I guess America has no problems. Congress is working on a bill to rid TV of commercials that are louder than the programs. Yes, these are annoying things these commercials, but really, legislation? On second thought, if Congress occupies itself with such nonsense, maybe they will be so busy that they will stop ruining our lives by requiring us to buy things from the government.

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Saturday October 2, 2010

I am in Louisiana and Mississippi for the weekend attending my nephew's wedding. This is great fun.

Mercedes puts an electric car into production. We shall see how all this works out in the marketplace.

Want a portable game computer - see this MSI with cores and cores and CPUs and GPUs.

I must have one of these. Moleskine has covers for the iPad and iPhone. The covers include the usual black hardback Moleskine outer shell and some paper and a spot for the device. I must have one of these. Where is Santa Claus?

This is it - a PC with a cardboard case. Who needs metal and plastic?

Your tax dollars at waste. The city of New York is replacing street signs that only have capital letters, e.g., STOP goes to Stop. I have to sit here a while to try to think of any sillier way to waste tax payers' money. This may be the all time number one stupid thing that a government does.

NASA lays off 1,200 people. This is only a part of a 9,000-person layoff program. I often criticize NASA for doing things other than trying to go into space. These people all worked to put man into space. NASA, however, will continue to employ people who are building air bags for helicopters and looking at methane in ice cores. Somewhere along the way, the bureaucracy lost its way.

China's space program, however, continues to advance. They just launched their second moon probe. The next people to walk on the moon or an asteroid or something will not be American.

Some analysis of the stuxnet virus that is currently clobbering Iran. The idea that the government of Israel funded the development of stuxnet is gaining credibility.

The US Postal Service will lose $6Billion in 2010. The situation is simple in that people are using the mail less and less, but the USPS won't lay off employees to match declining demand for services. Wal-Mart and all the other businesses know how to deal with these things. The USPS also knows how to deal with these things - beg Congress for a bailout. Since there are postal employees in every Congressional district in the US, the bailout will probably come.

"The Social Network" is a movie about the creation of Facebook. Guess what? They took come artistic license, i.e., the movie bears only scant resemblance to reality. This creative license thing is a shock to some people.

Google acquires BlindType. I had not heard of BlindType until this morning. They have a typing technology for touch screen devices. A "keyboard" does not appear on the screen. Instead, you put your fingers on the screen and start typing. The software recognizes the relative positions of the taps. It knows something about the positions of keys on a keyboard and also knows something about the words that peope usually type. Fascinating.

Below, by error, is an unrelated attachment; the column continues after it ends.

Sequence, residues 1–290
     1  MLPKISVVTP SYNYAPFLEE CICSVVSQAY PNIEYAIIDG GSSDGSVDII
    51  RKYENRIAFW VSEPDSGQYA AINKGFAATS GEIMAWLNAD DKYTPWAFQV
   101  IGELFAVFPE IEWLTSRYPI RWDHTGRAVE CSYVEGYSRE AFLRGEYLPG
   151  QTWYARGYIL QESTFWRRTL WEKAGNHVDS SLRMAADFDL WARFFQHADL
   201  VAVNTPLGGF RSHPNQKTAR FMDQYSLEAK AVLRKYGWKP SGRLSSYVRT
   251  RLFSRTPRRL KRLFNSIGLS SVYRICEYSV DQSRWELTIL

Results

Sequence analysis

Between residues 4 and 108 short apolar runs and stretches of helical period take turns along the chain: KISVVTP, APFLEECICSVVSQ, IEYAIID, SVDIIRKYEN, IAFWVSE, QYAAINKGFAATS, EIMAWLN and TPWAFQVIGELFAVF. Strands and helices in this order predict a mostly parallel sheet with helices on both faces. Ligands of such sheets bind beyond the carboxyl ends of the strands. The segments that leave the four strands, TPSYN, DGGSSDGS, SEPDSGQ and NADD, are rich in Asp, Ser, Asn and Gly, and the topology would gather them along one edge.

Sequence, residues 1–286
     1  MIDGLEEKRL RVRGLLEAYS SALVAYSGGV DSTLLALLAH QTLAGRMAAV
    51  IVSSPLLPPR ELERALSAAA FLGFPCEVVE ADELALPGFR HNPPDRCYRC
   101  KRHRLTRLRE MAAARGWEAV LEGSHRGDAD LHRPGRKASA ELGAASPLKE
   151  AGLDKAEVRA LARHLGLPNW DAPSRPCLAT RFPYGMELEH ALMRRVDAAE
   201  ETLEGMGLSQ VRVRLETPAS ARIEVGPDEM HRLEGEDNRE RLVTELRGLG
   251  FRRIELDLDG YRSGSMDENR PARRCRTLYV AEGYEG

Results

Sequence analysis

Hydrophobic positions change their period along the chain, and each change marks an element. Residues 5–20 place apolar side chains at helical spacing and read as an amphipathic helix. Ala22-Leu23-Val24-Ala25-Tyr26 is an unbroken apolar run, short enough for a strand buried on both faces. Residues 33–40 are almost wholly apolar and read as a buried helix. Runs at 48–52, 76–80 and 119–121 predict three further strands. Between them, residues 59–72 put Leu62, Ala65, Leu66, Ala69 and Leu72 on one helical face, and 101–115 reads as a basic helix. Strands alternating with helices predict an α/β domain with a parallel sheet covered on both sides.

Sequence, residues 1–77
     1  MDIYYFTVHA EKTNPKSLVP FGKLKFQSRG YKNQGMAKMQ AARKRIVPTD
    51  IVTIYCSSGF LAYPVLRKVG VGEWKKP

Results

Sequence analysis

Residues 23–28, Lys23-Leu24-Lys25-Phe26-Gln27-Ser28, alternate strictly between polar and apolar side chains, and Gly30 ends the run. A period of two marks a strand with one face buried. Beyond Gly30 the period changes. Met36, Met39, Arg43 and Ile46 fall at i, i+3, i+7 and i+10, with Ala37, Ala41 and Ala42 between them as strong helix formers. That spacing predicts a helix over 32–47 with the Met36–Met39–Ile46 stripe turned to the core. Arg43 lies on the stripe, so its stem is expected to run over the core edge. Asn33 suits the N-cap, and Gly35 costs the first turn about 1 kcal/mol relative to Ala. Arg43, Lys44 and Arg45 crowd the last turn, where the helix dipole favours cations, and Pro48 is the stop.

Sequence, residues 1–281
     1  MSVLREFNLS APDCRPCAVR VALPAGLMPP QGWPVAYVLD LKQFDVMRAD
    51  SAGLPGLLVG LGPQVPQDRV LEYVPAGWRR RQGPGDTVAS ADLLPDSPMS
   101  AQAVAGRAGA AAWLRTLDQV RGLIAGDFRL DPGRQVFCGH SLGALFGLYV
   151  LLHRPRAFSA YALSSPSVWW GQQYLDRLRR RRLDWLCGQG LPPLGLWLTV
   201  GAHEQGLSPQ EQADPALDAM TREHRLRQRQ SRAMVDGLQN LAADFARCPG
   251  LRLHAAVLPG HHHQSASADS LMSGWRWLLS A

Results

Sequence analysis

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Sunday October 3, 2010

It appears that neurosurgeons now have a new technique for removing brain tumors. This uses MRI to guide special lasers. Wonderful. I had an uncle who died some 35 years ago from a brain tumor. Perhaps...

The state of Minnesota is moving much of its applications to Microsoft's cloud services.

Here is an excellent writing tip. Write something. Then tell another writer the content. Don't read what you have written, but have a conversation about it. Have them write what they heard. Compare the two pieces. Adjust accordingly.

And here is another one - read your writing out loud.

A wonderful morning routine. Before diving into the day (1) sit, (2) read, (3) write. Wonderful.

Freelancing, parenting, and housework. This isn't easy to do, but it is possible.

Some notes on fixing writer's block. That is not my problem. Mine is not enough time to write everything I want to write.

A few practical tips for writing better. Two I really like: (1) breathe and (2) what mean you, what say you? For number (2), I work with grad students in engineering and computer science. The question I ask them most is, "What do you want to say here?" I tell them, "Don't look at your paper. Look at me. Now tell me what you are trying to say." They usually tell me in clear, specific, concise terms what they are saying. I then tell them, "Great. Write those words."

Ten ideas of things you can give to a character in your fiction.

Changing your writing routine.

A few notes on copyright. Part 1 and Part 2.

November is just about 30 days away. I have never done the NaNoWriMo (write a 50,000-word novel in 30 days) before. I have yet to think of an excuse for this year. Perhaps...

How one person makes a living as a freelance writer.

50 online applications that replace those on your desktop. Among those listed are:
Splashup - a good image editor.
Gliffy - draw pictures like in Visio.
Screen Castle - record video from your screen.
MovAvi - video file converter.
Liquid Planner - project management software.
LiveMocha - learn a foreign language.

Eric Schmidt of Google is shocked to learn how Washington D.C. actually works. Sigh. But then again, maybe if enough famous people tell everyone about the dysfunction that is the Federal government enough people may become angry enough to do something. The current purveyor of hope and change certainly didn't change anything.